MERIDIAN -- Looming over the trees along the Bosque River, the Bosque County Courthouse's clock tower and turrets stand sentinel over Meridian like a medieval castle.Closer up, the beautifully restored 1886 Renaissance Revival building, constructed of massive limestone blocks carved from the local hills, dominates the small town's courthouse square."To me, it's a symbol of who we are," County Judge Cole Word said. "It is the heart of our community."Topped by four clock faces, a cloaked Lady Justice (the 19th-century original featured bare breasts) and a patriotic eagle weathervane, the majestic courthouse reflects an era when Texas communities expressed their civic aspirations with architectural gems that boldly announced they were here to stay.But days of such grand flourishes have faded.For the second time in 14 years, Texas' stately courthouses have landed on the National Trust for Historic Preservation's annual 11 Most Endangered Historic Places list.The emergency to-do list for some of the most endangered courthouses includes leaking roofs, bat infestations, flooding basements, ancient electrical systems, foundation problems, falling bricks, mold and termites. Last year, Wilson County had to abandon its elegant 1914 Italianate courthouse because of fears about an unstable brick foundation.After courthouses were first named to the endangered list, Gov. George W. Bush and the Legislature created the Texas Historic Courthouse Preservation Program in 1999 to address the widespread deterioration.Administered by the Texas Historical Commission, the program has awarded $247 million to fully restore 62 courthouses and partially renovate 21, said Stan Graves, the program's director.The state grants have been matched by $150 million in local funds, he said, adding that the restorations generated more than 8,500 jobs and $19 million in local taxes.But budget woes have prompted Texas lawmakers to slash funding for the program by about 60 percent in four years, from an average of $25 million a year to about $10 million, said Graves, who announced last week that after 31 years with the historical commission, he will retire in August."It's a good time to go," he said, noting that 75 courthouses still need restoration. "We had requests for $158 million for the biennium but only $20 million to award. There were a lot of upset people."And with Gov. Rick Perry advising state agencies this month to prepare to shave costs by 10 percent more in the next budget cycle, the program is in further jeopardy."That's a pretty fair assessment," Graves said. "For the next biennium, it doesn't look good."The endangered listing is reminder of the work still to be done, said Jim Lindberg, field director in the Denver office of the National Trust for Historic Preservation.He said 234 of the 244 county-owned courthouses, built from the 1850s to the 1950s, are in active use. Of those, 139 are in the National Register of Historic Places."We wanted to do two things: One was to highlight and celebrate the great work accomplished by Texas Historic Courthouse Preservation Program and the state Legislature in preserving these amazing courthouses. But we also wanted to remind people that the job is only about halfway done. We know that funding is tight; we just need to keep it going," he said.The courthouse archThe Bosque County Courthouse follows a trajectory that parallels the narrative arch of courthouses across Texas in the late 1800s, says Brantley Hightower, a San Antonio architect who is working on a study of Central Texas courthouses.Bosque's first was a one-room log cabin built in 1854. Four years later, it was replaced by a frame building that burned in 1871. County business was then conducted in a tent before another one-room structure was built in 1872.A two-story stone courthouse was erected in 1875 but it was falling apart by 1885, setting up the biggest political fight in Bosque County history.Meantime, the Texas Legislature had changed the game in the mid-1880s when it passed a law that allowed communities to float bonds to build county facilities, said Hightower, an Arlington native.That was just one factor in a confluence of forces that enabled the "magnificence in scale" of the period Texas courthouses.A population surge provided cheap labor, including German immigrants who were skilled masons, and an influx of architectural design talent. At the same time, the cattle and agricultural industries were booming and the state's railroad network was rapidly expanding, pushing growth in what had been remote hinterlands and allowing for the import of new building materials."All these things happened within 10 or 15 years of each other. If the population boom had happened 10 years earlier or the railroads came 10 years later, I don't think you would see this body of work," Hightower said.'Turret Day'But building a new courthouse didn't come without a fight in Bosque County. An armed mob threatened the lives of the three county officials who cast the deciding votes to build it for $65,000. The opposition feared it would raise taxes and bankrupt the county."Things haven't changed; they still don't want to spend the money," said Word, who is the fifth Word to serve as county judge.By 1935, bats had taken over the clock tower of the Bosque County Courthouse, creating a stench that fouled the building. County officials, including Word's great-uncle, came up with a solution that also followed a new trend across the state, they "decapitated" the building, slicing off the elaborate clock tower and four turrets, Hightower said.In the ensuing decades, the building continued to deteriorate. There were structural problems, the electrical system was overloaded and more handicapped access was required, Word said."When you saw that wiring, you couldn't believe this courthouse was still standing," he said.Bosque lost out during the first two rounds of funding from the highly competitive state restoration program, but county officials and concerned residents stuck with it and won a grant in 2004 for nearly $3.5 million."We had to match that, and we've been broke ever since," Word said of the county, which has only 18,000 residents. "We're a poor county, but it was worth it."The clock tower and turrets were reconstructed off-site and on "Turret Day" in 2006 there was a fish fry and celebration on the square when the 17-foot-tall steel turrets were craned into place. A few months later, the top of the new clock tower, a newly modest Lady Justice and a weathervane crowned the courthouse. The building was rededicated in September 2007."We couldn't have done it without that grant money," Word said.Emergency concernsThe preservation effort is on display across Texas.Courthouses, she said, are essential center points in counties."Historic buildings give you a touchstone to the past and a sense of place," Gammage said.Hood County completed a complete interior restoration of its Second Empire-style courthouse early this year."If we hadn't gotten the grant, we wouldn't have done the restoration," County Judge Darrell Cockerham said. "They paid 85 percent of it. It was a $5 million deal, but when we got in there we kept finding things and it ended up costing $7 million."It's beautiful now and we should be good for another 100 years," he said.Tarrant County's historic 1895 courthouse is considered one of the finest in the state and a county-funded $4.5 million makeover of its clock tower illustrates the enormous cost of preservation.The county has applied for state grants but came in "dead last" in the final phase, facilities manager David Phillips said."Sometimes last is good; we're not endangered. We've kept up our maintenance and you don't get money for that," he said, adding that a $5 million restoration of the courthouse's west entrance and grounds is next on the preservation agenda.Melding 21st-century technology with a 19th-century building has been problematic for Bosque County, which won an award last year from the historical commission for its stewardship of the courthouse, facilities manager Dennis Willingham said."We have guidelines with the historical commission for keeping up maintenance."It's a much more complicated building now; our maintenance costs went from $50,000 to $160,000. We need one guy doing preventative maintenance in the courthouse year-round."But Word says it's worth it when he sees tourists and courthouse buffs snapping photos and stopping in to use the men's room that has a vault door. "We went from one of the ugliest courthouses to one of the most amazing."Hightower says that the state program has done "amazing work" but that the job is far from finished."The reality is that we have funding problems in Austin. We can't raise taxes from a political standpoint; and with all the things that state government needs to do, if the choice is between education and preservation, then that's a hard bargain to call."On the other hand, this is who we are. This is part of our history."Steve Campbell, 817-390-7981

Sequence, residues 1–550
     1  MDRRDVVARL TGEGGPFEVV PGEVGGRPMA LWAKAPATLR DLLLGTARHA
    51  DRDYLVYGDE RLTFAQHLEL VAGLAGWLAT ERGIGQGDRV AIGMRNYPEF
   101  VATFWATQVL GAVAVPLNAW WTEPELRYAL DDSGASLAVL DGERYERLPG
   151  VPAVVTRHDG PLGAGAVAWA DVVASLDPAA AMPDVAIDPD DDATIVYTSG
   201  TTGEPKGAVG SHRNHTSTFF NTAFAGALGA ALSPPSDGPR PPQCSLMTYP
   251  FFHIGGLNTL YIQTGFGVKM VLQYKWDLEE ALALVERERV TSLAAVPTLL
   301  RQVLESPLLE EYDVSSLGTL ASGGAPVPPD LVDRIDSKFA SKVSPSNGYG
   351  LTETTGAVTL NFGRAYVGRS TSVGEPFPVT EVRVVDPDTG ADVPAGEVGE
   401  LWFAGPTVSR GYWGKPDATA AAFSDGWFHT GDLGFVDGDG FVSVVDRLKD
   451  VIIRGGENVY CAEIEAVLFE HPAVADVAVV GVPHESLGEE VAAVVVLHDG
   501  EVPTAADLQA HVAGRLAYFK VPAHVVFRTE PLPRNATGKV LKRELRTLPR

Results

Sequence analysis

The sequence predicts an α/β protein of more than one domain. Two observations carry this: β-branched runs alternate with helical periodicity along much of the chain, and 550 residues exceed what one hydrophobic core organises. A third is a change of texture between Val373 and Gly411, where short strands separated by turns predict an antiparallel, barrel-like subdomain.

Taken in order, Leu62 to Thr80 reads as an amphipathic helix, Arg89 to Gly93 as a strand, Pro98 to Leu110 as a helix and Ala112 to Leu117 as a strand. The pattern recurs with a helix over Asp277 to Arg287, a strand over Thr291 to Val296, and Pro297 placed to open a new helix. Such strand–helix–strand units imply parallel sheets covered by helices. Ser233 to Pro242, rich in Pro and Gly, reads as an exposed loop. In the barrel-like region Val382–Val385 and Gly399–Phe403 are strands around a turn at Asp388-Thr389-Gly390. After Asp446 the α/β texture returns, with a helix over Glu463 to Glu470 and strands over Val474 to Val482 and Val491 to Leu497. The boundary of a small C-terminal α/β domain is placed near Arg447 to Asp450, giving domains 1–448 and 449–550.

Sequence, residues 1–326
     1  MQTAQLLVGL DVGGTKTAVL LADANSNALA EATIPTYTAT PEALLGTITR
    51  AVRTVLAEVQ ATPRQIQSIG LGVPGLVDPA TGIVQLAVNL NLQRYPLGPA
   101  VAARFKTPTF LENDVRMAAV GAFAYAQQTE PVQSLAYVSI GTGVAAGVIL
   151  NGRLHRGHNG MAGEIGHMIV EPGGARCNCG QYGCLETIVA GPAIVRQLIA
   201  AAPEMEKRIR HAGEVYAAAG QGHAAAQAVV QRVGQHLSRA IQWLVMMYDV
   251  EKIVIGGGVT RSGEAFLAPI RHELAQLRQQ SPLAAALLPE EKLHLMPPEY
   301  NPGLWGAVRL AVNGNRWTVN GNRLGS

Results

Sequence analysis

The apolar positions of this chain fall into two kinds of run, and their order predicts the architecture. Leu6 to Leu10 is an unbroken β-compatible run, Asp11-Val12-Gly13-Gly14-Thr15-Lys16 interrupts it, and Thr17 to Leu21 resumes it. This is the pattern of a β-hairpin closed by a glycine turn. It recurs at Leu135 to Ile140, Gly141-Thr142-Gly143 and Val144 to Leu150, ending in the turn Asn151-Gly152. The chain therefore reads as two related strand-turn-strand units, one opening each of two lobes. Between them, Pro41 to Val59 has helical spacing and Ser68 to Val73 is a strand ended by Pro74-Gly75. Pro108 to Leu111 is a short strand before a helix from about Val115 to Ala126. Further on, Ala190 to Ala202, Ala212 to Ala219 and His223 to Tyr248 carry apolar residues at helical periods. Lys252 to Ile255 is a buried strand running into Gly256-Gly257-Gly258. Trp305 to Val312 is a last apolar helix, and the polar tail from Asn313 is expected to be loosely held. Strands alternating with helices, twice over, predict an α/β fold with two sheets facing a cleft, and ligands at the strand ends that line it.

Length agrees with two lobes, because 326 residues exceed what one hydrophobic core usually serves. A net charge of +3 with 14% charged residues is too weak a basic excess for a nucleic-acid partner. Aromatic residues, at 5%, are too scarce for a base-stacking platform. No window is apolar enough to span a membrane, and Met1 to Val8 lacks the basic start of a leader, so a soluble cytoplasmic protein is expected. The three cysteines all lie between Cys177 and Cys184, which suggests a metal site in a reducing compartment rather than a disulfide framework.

The courthouse preservation program has addressed problems at 83 Texas courthouses, but 75 more need various levels of restoration. Here are some of the most endangered: